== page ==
The conflict that emerges from this love triangle comes down to caring. For Leonard, there's an attraction to both Sandra and Michelle—an equal physical attraction, it would seem, but emotionally and psychologically leaning toward the latter. What ultimately does Leonard in is the volley back and forth between being cared for and wanting to care. The stable Sandra is admirably eager to love Leonard unconditionally and to tend to his erratic behavior (Leonard is hampered with bipolar disorder; Michelle says she has ADHD; Sandra works at Pfizer—collectively a curious ailment and medication correlation). But Leonard doesn't want to be a charity case. Yet, at the time, he is drawn to Michelle for similar reasons. High maintenance and impulsive to a fault, Michelle is Leonard's own compassionate cause; he wants to comfort someone perhaps even more distressed than he is. Together, the two women befit Leonard's personal frailty, positioning at opposite ends of his desire for security and his own considerate nature.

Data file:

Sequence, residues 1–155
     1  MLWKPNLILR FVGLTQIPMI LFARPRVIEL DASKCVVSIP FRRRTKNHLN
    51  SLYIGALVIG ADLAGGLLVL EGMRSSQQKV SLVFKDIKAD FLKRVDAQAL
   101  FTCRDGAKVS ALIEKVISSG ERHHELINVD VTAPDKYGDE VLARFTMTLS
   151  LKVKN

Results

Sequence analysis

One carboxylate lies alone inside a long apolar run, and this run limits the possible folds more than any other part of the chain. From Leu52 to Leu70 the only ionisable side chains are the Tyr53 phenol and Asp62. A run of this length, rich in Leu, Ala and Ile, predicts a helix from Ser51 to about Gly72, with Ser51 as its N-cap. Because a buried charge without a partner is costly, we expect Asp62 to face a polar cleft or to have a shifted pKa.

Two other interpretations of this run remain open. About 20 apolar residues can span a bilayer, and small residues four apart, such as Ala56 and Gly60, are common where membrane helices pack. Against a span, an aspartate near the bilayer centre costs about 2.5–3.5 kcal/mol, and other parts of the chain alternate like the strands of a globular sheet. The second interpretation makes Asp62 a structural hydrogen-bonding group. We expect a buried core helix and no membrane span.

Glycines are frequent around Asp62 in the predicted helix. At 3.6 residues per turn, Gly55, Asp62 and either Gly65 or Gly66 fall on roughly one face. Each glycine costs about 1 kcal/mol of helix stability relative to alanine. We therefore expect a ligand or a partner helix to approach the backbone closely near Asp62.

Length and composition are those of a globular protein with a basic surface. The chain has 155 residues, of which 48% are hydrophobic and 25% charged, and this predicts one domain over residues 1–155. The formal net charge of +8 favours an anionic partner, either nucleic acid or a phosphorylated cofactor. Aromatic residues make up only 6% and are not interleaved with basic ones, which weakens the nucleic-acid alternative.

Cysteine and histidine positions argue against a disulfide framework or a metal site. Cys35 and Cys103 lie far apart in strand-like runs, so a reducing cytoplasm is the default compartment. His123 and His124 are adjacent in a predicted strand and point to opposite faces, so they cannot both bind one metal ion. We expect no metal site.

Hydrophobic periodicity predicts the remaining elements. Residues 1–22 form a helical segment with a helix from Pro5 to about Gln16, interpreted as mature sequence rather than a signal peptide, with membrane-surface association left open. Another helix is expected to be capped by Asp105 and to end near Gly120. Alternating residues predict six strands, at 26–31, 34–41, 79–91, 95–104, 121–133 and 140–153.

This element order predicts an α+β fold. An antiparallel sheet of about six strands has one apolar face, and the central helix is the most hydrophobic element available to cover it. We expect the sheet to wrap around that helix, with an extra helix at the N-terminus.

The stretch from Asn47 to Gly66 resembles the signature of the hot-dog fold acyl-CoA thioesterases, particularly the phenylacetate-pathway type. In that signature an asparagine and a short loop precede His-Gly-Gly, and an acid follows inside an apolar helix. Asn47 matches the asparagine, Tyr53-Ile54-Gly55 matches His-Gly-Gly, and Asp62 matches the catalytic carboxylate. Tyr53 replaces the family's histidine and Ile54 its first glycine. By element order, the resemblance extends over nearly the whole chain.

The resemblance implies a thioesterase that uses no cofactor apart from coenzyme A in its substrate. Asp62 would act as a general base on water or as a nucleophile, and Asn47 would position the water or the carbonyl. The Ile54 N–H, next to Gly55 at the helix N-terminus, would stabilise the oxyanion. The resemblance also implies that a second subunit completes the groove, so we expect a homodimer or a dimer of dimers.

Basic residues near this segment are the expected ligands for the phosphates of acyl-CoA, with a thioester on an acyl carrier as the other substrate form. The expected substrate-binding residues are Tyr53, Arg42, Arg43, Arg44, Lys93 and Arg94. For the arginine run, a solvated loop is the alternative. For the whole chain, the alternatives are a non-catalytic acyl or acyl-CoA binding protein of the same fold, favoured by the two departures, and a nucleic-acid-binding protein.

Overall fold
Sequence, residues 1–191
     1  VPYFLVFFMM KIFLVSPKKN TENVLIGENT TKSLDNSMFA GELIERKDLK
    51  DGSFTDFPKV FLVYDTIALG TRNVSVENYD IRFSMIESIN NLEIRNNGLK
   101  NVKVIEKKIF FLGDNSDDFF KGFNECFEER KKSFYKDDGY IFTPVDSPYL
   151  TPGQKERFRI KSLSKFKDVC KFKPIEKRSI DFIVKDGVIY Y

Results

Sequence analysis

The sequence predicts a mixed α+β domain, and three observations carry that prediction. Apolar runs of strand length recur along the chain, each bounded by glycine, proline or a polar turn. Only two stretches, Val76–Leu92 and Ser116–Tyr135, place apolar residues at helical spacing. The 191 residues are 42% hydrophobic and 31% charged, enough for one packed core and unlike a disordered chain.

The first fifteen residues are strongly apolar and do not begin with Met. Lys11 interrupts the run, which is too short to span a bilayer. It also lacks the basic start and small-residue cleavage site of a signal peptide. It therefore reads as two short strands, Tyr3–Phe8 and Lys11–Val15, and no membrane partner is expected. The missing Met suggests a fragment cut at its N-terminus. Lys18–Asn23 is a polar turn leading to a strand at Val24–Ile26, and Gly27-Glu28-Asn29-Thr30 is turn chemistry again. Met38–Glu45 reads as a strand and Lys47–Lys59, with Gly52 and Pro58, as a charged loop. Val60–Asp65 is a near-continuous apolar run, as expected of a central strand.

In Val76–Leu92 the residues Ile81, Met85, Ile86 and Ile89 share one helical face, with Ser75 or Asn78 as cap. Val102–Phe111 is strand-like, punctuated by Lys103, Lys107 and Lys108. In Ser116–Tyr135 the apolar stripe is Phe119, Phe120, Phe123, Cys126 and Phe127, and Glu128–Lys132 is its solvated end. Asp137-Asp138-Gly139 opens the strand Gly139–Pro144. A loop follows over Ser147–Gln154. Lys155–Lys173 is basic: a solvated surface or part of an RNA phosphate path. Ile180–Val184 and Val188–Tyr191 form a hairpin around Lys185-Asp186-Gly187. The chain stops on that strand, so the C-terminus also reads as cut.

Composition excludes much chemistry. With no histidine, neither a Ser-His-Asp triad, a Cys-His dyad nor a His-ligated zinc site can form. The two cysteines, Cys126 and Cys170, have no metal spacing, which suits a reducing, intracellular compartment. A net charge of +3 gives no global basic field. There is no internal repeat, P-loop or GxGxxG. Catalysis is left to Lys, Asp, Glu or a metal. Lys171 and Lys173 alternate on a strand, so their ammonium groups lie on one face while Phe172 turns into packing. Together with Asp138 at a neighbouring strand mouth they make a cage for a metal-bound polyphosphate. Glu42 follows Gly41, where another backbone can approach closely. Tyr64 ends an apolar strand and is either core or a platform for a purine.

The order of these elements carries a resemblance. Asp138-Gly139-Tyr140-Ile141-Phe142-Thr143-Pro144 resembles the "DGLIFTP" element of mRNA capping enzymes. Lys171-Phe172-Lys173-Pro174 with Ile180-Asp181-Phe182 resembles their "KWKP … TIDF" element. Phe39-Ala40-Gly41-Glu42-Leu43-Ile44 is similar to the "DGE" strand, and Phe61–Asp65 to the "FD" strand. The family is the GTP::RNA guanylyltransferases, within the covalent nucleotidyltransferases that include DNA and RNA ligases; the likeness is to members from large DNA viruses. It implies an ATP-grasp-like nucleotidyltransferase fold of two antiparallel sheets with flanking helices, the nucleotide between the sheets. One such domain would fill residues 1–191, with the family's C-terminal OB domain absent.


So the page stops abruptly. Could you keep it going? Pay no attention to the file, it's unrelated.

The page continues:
Thanks in no small part to Joaquín Baca-Asay's cinematography, Two Lovers exudes a visual expression of tone and temperature that mirrors the various settings and their respective connotations. Interiors glow with yellows and oranges, a warmth that reflects that of the characters, particularly Leonard's father and mother (played by Moni Moshonov and the always-radiant Isabella Rossellini). Their apartment is instantly comfortable—a place where one wants to be. Mother Ruth is especially hospitable. Upon meeting Michelle for the first time and being told the young woman is their neighbor, Ruth responds with a jovial "Hello neighbor." And the relationship between her and Leonard is one of pleasant maternal familiarity: she still picks up his messes as if he were a child, and when she doesn't leave his room fast enough while he’s changing, Leonard jokingly threatens to show her "the world" as he gets ready to shower. On the other hand, in the cold and damp exteriors, the winter climate is in bone chilling blue, with the outside being far more difficult and unforgiving. It's no coincidence that some of the most emotionally positive moments happen in the apartment (Leonard's meeting of Sandra, their later lovemaking, the film's conclusion) while the more upsetting moments (times of abandonment, loneliness, and heartbreak) occur outdoors.